Some toddlers revel in this and are energised and excited to be exploring. They love the interaction with new people and the whole thing can seem very easy for them (and consequently for their parents too).

Other young children find the process more difficult. They are unsure about the new people or about the places where they now find themselves. The uncertainty that it creates can be very upsetting, even anxiety-provoking, for children.

Being unsettled, as things change in their environment or their routines, is very common for toddlers. They can often display their upset by being more clingy, working harder to hold onto the person, or the place, where they feel most secure.

So it can be very natural for toddlers, faced with changes like parent(s) returning to work, or new childminders, to want to have more time with their mum or dad.

If, like as in your case, the mum was the primary caregiver in their early months, then it is quite understandable that the toddler will cling to their mum, following her around and getting distressed if she leaves.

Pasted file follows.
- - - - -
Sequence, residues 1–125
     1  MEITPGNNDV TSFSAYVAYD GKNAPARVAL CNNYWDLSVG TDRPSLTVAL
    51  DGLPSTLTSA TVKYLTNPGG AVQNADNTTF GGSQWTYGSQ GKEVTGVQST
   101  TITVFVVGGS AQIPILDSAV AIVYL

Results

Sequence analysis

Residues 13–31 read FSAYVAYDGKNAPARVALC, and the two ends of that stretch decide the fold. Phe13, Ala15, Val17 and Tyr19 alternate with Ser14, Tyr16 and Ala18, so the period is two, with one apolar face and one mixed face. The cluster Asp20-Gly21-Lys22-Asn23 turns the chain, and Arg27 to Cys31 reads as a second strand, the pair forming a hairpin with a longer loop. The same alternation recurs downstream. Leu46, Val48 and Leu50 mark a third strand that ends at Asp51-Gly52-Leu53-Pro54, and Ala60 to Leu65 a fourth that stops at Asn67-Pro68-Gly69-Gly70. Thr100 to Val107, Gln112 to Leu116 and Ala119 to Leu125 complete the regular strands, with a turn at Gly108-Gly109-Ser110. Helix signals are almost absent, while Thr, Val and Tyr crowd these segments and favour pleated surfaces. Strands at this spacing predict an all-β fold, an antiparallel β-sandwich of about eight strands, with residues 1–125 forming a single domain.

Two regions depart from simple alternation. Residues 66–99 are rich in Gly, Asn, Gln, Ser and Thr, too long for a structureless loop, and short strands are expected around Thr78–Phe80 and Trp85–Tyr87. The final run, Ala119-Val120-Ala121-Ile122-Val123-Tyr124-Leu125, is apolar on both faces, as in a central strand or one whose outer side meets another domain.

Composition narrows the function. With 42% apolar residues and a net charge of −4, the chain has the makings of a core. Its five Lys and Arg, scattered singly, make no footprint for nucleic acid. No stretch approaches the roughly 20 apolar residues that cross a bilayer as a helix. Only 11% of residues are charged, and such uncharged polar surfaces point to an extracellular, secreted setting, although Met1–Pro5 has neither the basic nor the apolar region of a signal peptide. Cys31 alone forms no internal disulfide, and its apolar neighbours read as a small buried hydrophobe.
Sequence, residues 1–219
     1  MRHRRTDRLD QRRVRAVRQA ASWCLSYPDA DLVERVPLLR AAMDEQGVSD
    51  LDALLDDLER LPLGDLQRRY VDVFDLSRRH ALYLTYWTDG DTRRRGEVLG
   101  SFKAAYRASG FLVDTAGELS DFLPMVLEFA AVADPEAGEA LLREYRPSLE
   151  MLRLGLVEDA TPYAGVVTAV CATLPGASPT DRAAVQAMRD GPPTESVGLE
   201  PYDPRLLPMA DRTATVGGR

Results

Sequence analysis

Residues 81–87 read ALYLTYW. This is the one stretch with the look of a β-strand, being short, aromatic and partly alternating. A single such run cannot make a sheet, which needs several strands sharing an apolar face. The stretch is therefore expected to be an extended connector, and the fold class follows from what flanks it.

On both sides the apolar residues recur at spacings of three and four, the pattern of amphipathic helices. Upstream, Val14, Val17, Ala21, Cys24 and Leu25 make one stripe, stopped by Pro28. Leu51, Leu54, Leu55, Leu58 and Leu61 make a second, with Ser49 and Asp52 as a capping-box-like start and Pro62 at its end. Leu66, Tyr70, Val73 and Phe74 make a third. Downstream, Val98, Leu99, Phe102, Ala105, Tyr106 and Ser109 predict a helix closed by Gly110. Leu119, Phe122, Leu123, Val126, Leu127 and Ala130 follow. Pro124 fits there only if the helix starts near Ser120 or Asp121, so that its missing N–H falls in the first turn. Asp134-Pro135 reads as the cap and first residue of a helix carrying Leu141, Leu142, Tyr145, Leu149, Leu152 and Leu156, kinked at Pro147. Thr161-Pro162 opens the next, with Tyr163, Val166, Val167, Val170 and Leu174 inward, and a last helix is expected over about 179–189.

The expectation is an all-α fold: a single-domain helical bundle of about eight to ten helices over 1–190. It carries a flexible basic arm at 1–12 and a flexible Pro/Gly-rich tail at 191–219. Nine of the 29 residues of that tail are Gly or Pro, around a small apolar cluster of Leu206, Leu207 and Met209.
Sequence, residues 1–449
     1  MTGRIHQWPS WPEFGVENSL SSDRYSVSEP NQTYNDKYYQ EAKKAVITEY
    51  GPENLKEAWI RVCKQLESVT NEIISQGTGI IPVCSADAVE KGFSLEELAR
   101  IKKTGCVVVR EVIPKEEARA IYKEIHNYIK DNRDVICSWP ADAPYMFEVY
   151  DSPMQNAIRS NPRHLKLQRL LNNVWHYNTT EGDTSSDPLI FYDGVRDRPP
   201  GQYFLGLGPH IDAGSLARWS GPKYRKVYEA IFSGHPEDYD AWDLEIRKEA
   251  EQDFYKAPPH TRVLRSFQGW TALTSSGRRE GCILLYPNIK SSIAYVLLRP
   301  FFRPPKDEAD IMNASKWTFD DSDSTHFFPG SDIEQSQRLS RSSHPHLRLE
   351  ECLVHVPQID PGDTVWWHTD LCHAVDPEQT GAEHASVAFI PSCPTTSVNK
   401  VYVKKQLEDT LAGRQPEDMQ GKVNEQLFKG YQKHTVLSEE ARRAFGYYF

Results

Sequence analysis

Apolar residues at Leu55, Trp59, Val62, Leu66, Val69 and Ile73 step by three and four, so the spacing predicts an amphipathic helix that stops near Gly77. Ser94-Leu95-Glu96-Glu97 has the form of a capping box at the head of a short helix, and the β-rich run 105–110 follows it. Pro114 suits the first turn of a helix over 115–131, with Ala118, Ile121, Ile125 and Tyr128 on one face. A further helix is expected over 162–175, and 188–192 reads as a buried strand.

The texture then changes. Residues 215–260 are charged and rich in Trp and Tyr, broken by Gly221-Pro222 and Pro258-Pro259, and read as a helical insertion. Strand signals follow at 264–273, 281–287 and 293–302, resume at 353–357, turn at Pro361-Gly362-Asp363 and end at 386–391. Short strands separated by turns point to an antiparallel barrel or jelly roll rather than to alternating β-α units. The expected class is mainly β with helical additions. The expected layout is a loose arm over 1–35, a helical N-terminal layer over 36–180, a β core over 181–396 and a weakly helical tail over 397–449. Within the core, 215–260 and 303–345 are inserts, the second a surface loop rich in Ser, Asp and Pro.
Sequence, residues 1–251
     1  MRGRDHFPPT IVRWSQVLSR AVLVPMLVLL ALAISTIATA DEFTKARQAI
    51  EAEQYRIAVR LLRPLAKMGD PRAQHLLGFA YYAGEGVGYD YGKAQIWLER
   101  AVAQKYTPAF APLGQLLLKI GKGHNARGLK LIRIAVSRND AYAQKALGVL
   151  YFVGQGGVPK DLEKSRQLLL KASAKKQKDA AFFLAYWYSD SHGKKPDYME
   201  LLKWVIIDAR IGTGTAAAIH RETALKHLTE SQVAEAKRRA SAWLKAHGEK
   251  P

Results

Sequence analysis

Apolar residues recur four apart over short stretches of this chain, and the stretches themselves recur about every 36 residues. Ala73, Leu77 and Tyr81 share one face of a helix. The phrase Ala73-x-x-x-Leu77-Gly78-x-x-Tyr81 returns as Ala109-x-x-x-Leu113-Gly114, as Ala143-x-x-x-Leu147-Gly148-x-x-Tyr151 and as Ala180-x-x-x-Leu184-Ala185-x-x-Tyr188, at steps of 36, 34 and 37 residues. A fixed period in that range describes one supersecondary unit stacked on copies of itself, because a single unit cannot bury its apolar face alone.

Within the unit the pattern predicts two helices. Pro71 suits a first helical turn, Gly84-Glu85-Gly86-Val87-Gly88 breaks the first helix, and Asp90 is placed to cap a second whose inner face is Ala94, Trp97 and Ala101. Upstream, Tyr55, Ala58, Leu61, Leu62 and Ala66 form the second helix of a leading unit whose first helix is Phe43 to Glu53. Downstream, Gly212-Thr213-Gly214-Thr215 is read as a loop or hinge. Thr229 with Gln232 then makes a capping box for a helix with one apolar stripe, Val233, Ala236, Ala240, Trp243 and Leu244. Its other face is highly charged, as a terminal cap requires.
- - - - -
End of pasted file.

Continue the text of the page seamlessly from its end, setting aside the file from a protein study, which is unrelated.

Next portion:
It will really help your son if you don't panic now. See his behaviour as a natural response to the recent changes of you going back to work and his care being split amongst several people.

Then, even though his language won't be very advanced, you can talk warmly and understandingly about how this can be hard for him. Try not to push him away (even if you feel like he is your constant shadow), but rather welcome him warmly.

Even though this can be draining, it will probably only be for a short time while he is adjusting to the new arrangements. Once he becomes used to the new routines and schedules, you should find that he settles more and needs you less.

Like many things, this will probably be just a phase that he is going through, and a phase that will pass.

But for now, he does need you, since you represent maximum security for him. If you can hold onto your reserves of patience and accept that he needs you, you may find that it is easier to tolerate that neediness. Knowing that it should fade in time may also help.